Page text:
mothers First

mothers First

Harris County has one of the highest rates of maternal morbidity among metropolitan areas in the United States. Between 2008 and 2015, Harris County’s incidence of maternal morbidity increased 53%, compared to a 15%  increase for Texas overall.

Those affected are more than a statistic. Through our limited series, Mothers First, you will hear from women and experts as they share their stories of fighting through bias, cycling on and off Medicaid due to their status, the vital role of midwives and doulas, and the causes of maternal death post-delivery.

Join Houston Community Catalyst in partnership with Improving Maternal Health Houston. ( As we aim to debunk the many myths surrounding maternal mortality and provide women with information on how to care for themselves before, during, and after pregnancy.

#1 Implicit Bias

Implicit bias causes African American women to experience more
stress throughout their lifetimes, which adversely affects their health.
Their reproductive health may also be affected; social and
demographic biases have been shown to affect practitioners’
recommendations for long-acting reversible contraceptive methods.
During labor, African American women tend to be offered pain
medication later than are white women. In addition, African
Americans are less likely to be diagnosed with and appropriately treated
for heart disease, which is a leading cause of maternal death, both
before and after delivery. Postpartum depression and anxiety are
also underdiagnosed and undertreated in African American women.

In episode one, Deborah D.E.E.P. Mouton, former City of Houston Poet Laureate, shares her pregnancy and birth story of her son, where she was dismissed. Dr. Carla Ortique, Healthcare Specialist and Co-Chair of IMH Houston, sheds light on the role that implicit bias plays in maternal mortality and morbidities.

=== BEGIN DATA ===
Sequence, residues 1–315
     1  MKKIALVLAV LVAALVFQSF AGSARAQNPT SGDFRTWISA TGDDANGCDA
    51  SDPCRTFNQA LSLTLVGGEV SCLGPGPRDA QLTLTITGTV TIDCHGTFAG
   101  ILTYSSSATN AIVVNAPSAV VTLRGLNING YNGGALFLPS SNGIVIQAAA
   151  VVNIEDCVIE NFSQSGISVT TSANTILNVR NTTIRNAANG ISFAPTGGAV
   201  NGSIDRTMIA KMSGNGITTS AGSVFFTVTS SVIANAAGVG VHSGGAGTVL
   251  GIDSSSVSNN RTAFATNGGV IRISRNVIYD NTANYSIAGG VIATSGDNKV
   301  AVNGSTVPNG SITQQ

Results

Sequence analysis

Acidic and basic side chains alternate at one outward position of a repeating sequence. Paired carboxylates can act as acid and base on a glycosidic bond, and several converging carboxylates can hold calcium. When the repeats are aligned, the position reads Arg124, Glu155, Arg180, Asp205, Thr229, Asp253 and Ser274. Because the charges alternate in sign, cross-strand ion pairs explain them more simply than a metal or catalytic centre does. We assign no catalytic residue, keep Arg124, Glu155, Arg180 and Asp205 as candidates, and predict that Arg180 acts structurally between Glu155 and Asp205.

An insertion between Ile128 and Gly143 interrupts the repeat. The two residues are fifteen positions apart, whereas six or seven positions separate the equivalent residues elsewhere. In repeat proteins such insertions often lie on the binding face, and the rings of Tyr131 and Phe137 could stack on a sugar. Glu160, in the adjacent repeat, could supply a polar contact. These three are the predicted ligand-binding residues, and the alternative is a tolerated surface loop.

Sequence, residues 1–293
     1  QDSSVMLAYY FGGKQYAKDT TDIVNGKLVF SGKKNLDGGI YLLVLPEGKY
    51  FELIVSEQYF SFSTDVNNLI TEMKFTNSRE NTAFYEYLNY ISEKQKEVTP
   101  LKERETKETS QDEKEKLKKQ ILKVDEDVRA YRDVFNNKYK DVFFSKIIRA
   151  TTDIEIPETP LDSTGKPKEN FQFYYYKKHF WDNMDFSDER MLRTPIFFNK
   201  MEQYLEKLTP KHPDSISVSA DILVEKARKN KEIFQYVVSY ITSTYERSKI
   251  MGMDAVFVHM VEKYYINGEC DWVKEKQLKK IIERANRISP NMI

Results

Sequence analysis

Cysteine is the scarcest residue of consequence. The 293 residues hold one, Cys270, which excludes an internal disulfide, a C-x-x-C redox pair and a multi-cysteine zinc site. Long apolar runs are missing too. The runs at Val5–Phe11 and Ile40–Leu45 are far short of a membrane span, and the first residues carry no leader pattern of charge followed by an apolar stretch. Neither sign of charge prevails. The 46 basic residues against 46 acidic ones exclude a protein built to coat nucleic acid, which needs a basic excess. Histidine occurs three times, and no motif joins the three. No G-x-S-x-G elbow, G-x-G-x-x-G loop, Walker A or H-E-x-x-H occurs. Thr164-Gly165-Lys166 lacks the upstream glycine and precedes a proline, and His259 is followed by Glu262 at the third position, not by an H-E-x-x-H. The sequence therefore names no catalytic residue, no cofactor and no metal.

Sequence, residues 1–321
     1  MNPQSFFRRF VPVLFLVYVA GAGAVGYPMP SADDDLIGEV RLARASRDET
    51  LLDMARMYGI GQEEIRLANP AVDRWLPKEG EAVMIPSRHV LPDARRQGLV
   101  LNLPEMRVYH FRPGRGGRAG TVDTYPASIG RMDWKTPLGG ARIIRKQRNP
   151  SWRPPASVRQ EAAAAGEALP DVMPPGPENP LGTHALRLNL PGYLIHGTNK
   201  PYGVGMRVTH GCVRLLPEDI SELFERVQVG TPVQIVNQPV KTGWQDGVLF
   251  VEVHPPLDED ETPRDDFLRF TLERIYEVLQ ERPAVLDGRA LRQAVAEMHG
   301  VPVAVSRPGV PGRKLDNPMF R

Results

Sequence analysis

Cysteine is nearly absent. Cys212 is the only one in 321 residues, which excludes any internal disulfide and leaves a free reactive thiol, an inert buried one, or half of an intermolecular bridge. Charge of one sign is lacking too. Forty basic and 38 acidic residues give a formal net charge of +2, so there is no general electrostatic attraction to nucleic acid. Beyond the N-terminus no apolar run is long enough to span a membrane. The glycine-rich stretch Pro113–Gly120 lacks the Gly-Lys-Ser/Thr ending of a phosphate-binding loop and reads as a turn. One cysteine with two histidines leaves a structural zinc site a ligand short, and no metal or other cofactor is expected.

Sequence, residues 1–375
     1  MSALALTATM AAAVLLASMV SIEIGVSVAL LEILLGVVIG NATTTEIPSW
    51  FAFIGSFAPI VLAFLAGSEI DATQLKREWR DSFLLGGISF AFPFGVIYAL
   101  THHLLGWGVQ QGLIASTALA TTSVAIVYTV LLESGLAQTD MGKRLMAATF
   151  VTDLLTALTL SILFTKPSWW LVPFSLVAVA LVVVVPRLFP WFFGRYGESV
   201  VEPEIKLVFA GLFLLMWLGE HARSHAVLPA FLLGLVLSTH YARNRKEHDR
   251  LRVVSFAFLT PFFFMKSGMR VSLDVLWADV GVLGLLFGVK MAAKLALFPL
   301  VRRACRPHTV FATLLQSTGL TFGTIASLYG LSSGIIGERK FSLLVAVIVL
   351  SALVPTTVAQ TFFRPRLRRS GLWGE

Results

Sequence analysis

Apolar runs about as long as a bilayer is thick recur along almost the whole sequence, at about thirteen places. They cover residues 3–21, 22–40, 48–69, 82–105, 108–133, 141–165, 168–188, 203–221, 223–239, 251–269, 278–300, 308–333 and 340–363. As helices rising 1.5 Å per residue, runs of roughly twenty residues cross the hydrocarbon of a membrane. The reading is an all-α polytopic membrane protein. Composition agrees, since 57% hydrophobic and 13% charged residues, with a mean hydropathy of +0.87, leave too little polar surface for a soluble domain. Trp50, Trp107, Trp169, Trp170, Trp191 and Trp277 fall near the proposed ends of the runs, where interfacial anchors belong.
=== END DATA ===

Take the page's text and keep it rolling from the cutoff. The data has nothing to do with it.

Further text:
#2 Pregnant On Medicaid

After the long process of applying for Medicaid, Juanita Coleman was
finally approved. That was not the end of her difficulties. Juanita was
12 to 13 weeks pregnant still trying to find a doctor accept
Medicaid as their only form of insurance. In episode two, hear from
Juanita as she shares her story of the care she received while on
Medicaid and the struggle of trying to stay insured.

Dr. Carla Ortique, Healthcare Specialist and Co-Chair of IMH Houston, lends her expertise to share that many maternal morbidities happen after pregnancy when women are no longer able to receive Medicaid.

#3 What Is The Difference Between A Doula And A Midwife?

Maternal mortality rates in the United States continue to rise, with ethnic and racial minority populations facing even starker statistics. Racial minorities have long supported the role midwives and doulas play in supporting a woman's health during pregnancy, at delivery, and in the postpartum timeframe. In Episode Three of Mothers First, we get a breakdown of what midwives and doulas are and the benefits a mother receives from their care.

#4 Domestic Violence

Dr. Conte Terrell didn’t think she would be a victim of domestic abuse., but at four months pregnant, she lost her baby at the hands of her ex-husband.
In episode four of Mother’s First, hear Dr. Conte’s heartbreaking story of domestic abuse and her journey to leave that relationship. Tianca Gillard, a community care coordinator for Healthy Women Houston, shares how the organization offers support to pregnant women who are experiencing hardships, such as domestic violence.
Over a third of domestic violence starts or gets worse when a woman is pregnant. More than 14% of maternal deaths occur in women who have told their health professional they are in an abusive relationship. Domestic abuse during pregnancy puts you and your unborn child in danger. It increases the risk of miscarriage, infection, premature birth, and injury or death to the baby.
If you or someone you know if a victim of abuse, call the National Domestic Violence Hotline at 1-800-799-SAFE (7233)